General Motors' global marketing chief, Joel Ewanick, wants more consistency from the advertising agency he tapped last year to head GM's biggest account: Chevrolet.
Mr. Ewanick said he has "seen grade-A work" from Goodby, Silverstein & Partners, the San Francisco agency that is the creative force behind the "Chevy Runs Deep" campaign that began last fall.
"The problem is , it hasn't been consistent," Mr. Ewanick told Ad Age sibling publication Automotive News last week. "We need to find our stride where it's always at that level."
Within days of his arrival in May 2010, Mr. Ewanick awarded the Chevrolet contract to Goodby. The contract is worth $600 million, according to Advertising Age. Goodby was Mr. Ewanick's agency of choice when he led marketing for Hyundai Motor America and Porsche Cars North America before that .
He pulled the work from Publicis Groupe , which weeks earlier had supplanted Campbell-Ewald, the Detroit agency that had a 91-year run as Chevy's lead agency, hatching such iconic campaigns as "Like a Rock" and "American Revolution."
Asked to grade Goodby nearly one year into the "Chevy Runs Deep" campaign, Mr. Ewanick said: "I think they're a great agency. I'm really happy with them in general." But, he said, "To get an A, you have to be consistent. That's more of C and B work when you can't find the consistency."
Mr. Ewanick said he has "told them the same thing" in recent discussions with the agency, which has moved about 125 employees to an office in Detroit to handle the account. He did not single out Goodby work that he thinks reflects inconsistency.
A Goodby spokeswoman said Friday that the agency's executives were unavailable to comment.
Despite Mr. Ewanick's mixed assessment, he said he is generally pleased with the "Chevy Runs Deep" campaign, though he thinks it can and will get better.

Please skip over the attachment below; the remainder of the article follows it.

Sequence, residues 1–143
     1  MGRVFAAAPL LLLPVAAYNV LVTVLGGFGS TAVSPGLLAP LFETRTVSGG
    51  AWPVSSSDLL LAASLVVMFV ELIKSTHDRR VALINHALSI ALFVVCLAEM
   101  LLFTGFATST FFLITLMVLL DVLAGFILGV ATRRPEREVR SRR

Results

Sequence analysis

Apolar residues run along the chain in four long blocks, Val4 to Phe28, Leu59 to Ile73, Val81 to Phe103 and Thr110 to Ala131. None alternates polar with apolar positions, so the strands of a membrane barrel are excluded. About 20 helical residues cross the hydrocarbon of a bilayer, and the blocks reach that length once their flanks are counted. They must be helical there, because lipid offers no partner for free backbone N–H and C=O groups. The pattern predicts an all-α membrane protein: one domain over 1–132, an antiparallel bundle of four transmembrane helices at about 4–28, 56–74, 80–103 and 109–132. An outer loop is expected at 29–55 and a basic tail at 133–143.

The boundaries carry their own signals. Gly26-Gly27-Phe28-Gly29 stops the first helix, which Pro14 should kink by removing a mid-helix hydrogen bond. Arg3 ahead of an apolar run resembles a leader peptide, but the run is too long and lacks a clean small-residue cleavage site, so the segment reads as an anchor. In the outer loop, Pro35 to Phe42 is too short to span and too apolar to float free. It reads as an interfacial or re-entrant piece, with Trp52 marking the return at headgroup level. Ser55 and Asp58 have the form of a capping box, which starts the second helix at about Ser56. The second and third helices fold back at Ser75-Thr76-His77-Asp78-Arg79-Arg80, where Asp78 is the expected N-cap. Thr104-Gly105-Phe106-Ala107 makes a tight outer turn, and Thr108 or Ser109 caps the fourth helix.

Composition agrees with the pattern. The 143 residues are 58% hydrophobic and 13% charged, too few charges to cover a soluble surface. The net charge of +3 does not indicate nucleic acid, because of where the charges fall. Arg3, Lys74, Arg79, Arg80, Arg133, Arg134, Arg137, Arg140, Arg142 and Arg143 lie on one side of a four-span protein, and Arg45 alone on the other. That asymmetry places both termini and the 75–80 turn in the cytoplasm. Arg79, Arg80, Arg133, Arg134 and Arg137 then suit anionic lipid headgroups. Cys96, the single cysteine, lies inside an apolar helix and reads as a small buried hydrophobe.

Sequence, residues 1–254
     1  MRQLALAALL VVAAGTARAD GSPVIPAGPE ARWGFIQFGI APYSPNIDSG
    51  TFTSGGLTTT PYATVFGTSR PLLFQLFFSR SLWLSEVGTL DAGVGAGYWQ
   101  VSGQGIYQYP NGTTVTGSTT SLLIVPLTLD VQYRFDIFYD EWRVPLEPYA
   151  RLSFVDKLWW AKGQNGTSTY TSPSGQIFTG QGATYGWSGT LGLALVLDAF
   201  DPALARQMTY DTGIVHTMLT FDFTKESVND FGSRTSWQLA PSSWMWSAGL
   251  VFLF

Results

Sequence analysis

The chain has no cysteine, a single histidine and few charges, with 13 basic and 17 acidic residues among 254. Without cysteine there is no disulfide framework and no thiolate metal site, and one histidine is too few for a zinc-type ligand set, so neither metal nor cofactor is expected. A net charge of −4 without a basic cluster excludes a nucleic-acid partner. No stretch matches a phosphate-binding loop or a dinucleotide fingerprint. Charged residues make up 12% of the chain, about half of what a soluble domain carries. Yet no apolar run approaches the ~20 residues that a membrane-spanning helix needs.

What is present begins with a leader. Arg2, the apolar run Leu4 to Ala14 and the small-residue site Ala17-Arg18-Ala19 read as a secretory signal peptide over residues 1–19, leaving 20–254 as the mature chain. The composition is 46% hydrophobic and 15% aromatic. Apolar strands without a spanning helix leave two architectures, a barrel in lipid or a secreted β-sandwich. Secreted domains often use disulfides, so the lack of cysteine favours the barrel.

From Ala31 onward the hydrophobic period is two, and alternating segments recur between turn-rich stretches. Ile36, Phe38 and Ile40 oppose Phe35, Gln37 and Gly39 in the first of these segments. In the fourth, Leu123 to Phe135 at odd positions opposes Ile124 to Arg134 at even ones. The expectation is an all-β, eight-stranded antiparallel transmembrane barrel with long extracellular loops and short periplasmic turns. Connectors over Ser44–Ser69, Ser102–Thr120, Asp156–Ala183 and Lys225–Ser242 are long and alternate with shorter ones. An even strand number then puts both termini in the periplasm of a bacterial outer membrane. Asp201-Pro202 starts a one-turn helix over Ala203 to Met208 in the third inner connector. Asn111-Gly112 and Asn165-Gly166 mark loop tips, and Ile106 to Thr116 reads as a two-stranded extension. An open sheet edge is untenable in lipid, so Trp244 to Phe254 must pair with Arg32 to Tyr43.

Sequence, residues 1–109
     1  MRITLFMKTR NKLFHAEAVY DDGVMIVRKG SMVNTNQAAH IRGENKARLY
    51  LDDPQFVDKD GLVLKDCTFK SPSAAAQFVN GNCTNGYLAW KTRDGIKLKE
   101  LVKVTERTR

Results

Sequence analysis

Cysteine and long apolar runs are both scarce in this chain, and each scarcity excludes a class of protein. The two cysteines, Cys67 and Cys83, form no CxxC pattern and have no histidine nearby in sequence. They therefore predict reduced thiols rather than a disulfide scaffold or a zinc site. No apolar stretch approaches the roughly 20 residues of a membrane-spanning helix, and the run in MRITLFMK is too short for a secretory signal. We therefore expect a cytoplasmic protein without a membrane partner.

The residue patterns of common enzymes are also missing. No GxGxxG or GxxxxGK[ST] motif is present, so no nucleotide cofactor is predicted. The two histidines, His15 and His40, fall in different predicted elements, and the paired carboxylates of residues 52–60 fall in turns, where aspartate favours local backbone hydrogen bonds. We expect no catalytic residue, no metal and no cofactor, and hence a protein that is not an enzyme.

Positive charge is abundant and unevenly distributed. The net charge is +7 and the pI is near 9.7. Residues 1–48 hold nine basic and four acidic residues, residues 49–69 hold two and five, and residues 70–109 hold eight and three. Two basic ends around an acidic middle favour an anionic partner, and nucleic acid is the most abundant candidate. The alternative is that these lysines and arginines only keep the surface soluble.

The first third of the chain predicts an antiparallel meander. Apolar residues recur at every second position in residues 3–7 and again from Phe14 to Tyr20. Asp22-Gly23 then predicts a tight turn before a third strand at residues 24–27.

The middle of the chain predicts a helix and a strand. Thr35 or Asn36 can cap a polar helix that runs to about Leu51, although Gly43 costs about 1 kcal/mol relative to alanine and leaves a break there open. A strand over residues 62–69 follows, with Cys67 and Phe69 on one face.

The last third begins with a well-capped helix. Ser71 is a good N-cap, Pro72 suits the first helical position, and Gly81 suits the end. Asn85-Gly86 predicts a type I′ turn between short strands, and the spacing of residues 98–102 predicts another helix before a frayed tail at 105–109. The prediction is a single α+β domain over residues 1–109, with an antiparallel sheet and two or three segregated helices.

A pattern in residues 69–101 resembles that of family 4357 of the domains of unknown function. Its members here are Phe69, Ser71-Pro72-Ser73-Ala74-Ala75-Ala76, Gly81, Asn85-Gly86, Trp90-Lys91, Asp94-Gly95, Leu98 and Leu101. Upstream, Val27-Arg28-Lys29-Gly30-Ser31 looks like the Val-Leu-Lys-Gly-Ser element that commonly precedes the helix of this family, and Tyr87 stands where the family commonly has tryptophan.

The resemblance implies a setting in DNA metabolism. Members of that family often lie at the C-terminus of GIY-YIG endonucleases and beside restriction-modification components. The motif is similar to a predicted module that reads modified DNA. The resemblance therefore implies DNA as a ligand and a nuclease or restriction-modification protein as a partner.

He ticked off a number of Goodby-made commercials that he loves.
He was particularly proud of one spot dubbed "Spaceship Earth," which used shots of windmills and lush forest landscapes to announce Chevrolet's investments in renewable energy that eventually will reduce carbon emissions equivalent to "planting a forest the size of Yellowstone."
He cited a Chevrolet Volt spot titled "Socket," which features a close-up of a home electrical socket that resembles a distressed face. "Breathe socket," the voiceover said. "You can do this. Any socket can." Mr. Ewanick said its simplicity helps dispel confusion about the Volt's plug-in technology.
And "probably the epitome" of the promise of "Chevy Runs Deep," Mr. Ewanick said, was the post-Super Bowl tie-in with the musical comedy TV show "Glee." The two-minute spot included the Volt, Camaro convertible and Cruze compact and featured the "Glee" cast singing "See the U.S.A. in Your Chevrolet," the famous Dinah Shore jingle from the1950s and '60s.
"It was taking what was old, making it new again, and making it relevant for a whole new set of people," Mr. Ewanick said. "It worked marvelously."
He said he expects to see more contemporary versions of iconic Chevy campaigns.
Modern iterations of Americana-heavy "Like a Rock" from the 1990s and the "American Revolution" campaign of the past decade "could be used at any time," he said.
"Those are reference points for when people had a really fond memory for Chevrolet," Mr. Ewanick said. "No reason for us not to remind them and borrow it."
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Mike Colias is a reporter for Automotive News.
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